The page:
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Posted on September 20, 2014 by David Anderson

Recommendations for Kanban Coaching Professional Masterclass

Recent attendees of the Masterclass tell you what they valued and why you should attend...

David's approach to training is truly unique. I now have a different lens to view my team's upstream work, current work in progress, and deeper knowledge on how to communicate risk without disrupting the flow of changes throughout the organization.  What David has created with his, Modern Management Framework, is a revolutionary way of thinking for an evolutionary way of change. Jay Paulson


Posted on September 06, 2014 by David Anderson

Project Management with Kanban Class Curriculum

This is the first look at one of our new role-based training classes. This is specifically targeted at project managers and related roles such as service delivery manager, program manager, and anyone with responsibility for delivering projects, product releases and similar batches of packaged creative or knowledge work. This new curriculum is scoped within the Modern Management Framework and will be available in 2-day class format at the Advanced Practitioner level with the LeanKanban University curriculum structure. Project Management with Kanban classes will be available publicly and privately from October 1st 2014 from David J. Anderson & Associates. From November 1st, and Accredited Advanced Kanban Trainer (AAKT) will be able to offer the class through the LeanKanban University certified training program.

Posted on September 05, 2014 by David Anderson

Kanban Coaching Professional Masterclass Curriculum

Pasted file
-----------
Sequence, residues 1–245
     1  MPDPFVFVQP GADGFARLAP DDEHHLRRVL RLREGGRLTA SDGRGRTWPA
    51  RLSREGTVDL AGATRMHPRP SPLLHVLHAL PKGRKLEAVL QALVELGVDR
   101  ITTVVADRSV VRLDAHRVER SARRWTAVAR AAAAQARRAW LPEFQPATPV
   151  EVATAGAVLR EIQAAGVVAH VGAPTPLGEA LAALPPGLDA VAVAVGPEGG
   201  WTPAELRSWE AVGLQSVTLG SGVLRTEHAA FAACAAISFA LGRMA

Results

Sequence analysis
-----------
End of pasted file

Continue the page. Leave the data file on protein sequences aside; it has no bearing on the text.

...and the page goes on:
For the first time, I'm posting our curriculum for the Kanban Coaching Professional Masterclass. This new curriculum is scoped within the Modern Management Framework and takes effect in Masterclasses offered after November 1st 2014.

Posted on September 04, 2014 by David Anderson

LeanKanban Kanban Foundation Curriculum

As part of our continuing sneak peak of the new LeanKanban Modern Management Framework, I want to show how we are using it to define and communicate the curriculum for individual training classes. We are now offering a wide range of training classes at different levels. Here we look at the 2-day Kanban Foundation level training...

Posted on September 04, 2014 by David Anderson

Project Management with Kanban (Part 4) - Risk Review

This is my final blog post in the series on project management with Kanban. If you haven't seen the previous three posts read them here, Part 1, Part 2, Part 3. This post looks at how project managers can help with risk management and controlling the average lead time and the the lead time distribution. This is important to insure that the forecasts described in Part 3 remain trustworthy and accurate through the duration of the project. The Blocker Clustering technique described in this post was developed by Klaus Leopold and can be used to drive process improvement as well as managing project risk. You can read his original blog post, Blocker Clusters.

Posted on August 31, 2014 by David Anderson

Learning about Risk & WIP from Real Life